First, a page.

What Patrick Reed lacks in widespread support should now be offset by widespread respect. The scale of Reed’s achievement here, in winning his first major championship, is illustrated by who and what he had to withstand.
There were occasional, understandable wobbles but Reed ultimately held firm to prevail by a shot; 69, 66, 67, 71 and 15 under par sealed Green Jacket delivery by one from Rickie Fowler.
It seemed remarkable in context that Reed’s previous Masters record included two missed cuts, a share of 49th and a tie for 22nd. Now, an individual once kicked out of a Georgia college has been afforded the last laugh. Others scoffed when Reed proclaimed himself a top-five player. He won’t achieve that ranking position with this win but such details are unlikely to bother Reed now. He is deservedly the Masters champion.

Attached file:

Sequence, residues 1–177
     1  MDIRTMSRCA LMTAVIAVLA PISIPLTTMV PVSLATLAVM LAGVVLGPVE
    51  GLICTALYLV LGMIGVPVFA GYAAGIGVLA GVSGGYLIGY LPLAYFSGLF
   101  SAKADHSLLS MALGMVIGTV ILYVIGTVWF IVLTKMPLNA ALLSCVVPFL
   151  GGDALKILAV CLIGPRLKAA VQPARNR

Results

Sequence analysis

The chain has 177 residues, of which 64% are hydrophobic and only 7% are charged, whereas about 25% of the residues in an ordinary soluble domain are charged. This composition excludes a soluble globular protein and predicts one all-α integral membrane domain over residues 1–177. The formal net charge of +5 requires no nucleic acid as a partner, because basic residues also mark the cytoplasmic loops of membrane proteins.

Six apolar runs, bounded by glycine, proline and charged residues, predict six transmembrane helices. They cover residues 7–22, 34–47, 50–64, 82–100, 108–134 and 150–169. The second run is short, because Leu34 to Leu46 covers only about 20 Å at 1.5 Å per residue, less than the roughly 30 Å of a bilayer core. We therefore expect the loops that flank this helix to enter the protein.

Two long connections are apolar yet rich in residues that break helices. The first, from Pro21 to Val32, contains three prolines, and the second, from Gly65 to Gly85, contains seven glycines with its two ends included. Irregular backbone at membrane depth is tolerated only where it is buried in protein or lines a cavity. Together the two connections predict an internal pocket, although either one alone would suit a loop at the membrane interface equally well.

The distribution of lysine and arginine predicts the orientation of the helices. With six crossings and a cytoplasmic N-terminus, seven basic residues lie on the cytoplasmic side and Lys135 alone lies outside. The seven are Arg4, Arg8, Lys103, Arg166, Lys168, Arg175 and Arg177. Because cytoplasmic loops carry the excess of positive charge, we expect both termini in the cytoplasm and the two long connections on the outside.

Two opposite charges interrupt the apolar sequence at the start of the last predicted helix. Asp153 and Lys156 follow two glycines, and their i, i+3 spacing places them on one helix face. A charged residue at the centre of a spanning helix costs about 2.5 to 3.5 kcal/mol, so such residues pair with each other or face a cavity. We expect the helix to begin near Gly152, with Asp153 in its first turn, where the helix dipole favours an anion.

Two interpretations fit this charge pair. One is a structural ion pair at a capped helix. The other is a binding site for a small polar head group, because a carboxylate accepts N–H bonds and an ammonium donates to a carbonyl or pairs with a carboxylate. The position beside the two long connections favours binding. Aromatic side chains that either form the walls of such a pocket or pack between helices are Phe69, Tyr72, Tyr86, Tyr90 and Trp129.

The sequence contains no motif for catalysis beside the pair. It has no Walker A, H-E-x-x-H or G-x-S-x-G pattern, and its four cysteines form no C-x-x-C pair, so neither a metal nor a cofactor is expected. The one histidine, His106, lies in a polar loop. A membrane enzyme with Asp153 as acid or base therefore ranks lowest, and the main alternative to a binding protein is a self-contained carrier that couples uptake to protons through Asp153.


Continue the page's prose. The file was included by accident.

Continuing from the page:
The identities of Reed’s biggest threats was the main fourth-round surprise. The Texan started Sunday believing he would have to see off a former Ryder Cup rival. Instead, US team-mates threw the strongest punches.